Wintertime is also when Jack has to hand-feed various groups of cattle on a daily basis. Mature cows can get by with just water, hay, mineral and a free-choice, liquid protein supplement. Younger mothers (2- and 3-year-olds) that are still growing themselves and nursing their calves need these same basics in addition to other protein and energy supplements such as cottonseed (because our winter grazing is so delayed due to the extended drought we went through from late summer until mid-December). The weaned heifers we are saving as replacements require a different ration to help them grow and be ready to breed in December and January. The bull calves we are saving need even more energy than the weaned heifers to grow and reach their potential so they can be put out with a few cows as yearlings. If you do it right, every group is given what they need for their age and their various nutritional requirements.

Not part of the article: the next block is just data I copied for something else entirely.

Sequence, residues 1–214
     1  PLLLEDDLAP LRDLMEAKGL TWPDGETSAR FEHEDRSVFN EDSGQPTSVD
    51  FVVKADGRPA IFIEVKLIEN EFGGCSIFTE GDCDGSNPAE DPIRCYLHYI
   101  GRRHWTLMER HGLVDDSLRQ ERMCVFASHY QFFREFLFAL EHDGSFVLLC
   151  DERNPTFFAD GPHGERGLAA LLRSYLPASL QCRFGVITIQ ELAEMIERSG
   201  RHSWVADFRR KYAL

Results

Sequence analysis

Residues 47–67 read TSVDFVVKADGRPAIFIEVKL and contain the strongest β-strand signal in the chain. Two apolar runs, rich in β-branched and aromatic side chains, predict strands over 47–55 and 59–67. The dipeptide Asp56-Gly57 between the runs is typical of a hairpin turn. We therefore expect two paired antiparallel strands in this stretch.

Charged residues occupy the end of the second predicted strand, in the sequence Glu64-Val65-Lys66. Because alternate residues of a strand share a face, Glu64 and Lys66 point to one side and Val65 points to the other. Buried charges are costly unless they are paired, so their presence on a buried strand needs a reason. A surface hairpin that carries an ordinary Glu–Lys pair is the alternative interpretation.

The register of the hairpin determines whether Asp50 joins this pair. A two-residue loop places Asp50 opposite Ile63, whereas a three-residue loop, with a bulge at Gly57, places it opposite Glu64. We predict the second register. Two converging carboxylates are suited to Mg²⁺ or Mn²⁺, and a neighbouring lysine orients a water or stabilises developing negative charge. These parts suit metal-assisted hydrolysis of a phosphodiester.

Jack and I were both once in the broiler house business back in the days when we had to fill water jugs and swinging feeders by hand twice a day. By the time you got finished with the third or fourth house, it was time to start over in the first house. And you know what? They all had to eat and drink seven days a week! Though technology has made the broiler industry much, much easier, it still cannot work without some qualified and dependable person being physically available at a moment’s notice.
Though neither of us have done it for a living, we both grew up around the dairy industry and it is not any different either! No matter what type of livestock is involved (especially in the numbers considered as a legitimate business), if you are a good shepherd, you have to be there to do whatever is needed to take care of them seven days a week to ensure they not only survive but they also reach their potential.